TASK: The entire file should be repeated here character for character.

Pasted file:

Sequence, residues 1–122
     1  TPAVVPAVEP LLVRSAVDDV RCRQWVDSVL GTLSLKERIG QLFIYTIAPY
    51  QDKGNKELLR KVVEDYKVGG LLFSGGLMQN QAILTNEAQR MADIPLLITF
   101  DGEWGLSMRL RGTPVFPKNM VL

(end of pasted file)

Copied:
Sequence, residues 1–122
     1  TPAVVPAVEP LLVRSAVDDV RCRQWVDSVL GTLSLKERIG QLFIYTIAPY
    51  QDKGNKELLR KVVEDYKVGG LLFSGGLMQN QAILTNEAQR MADIPLLITF
   101  DGEWGLSMRL RGTPVFPKNM VL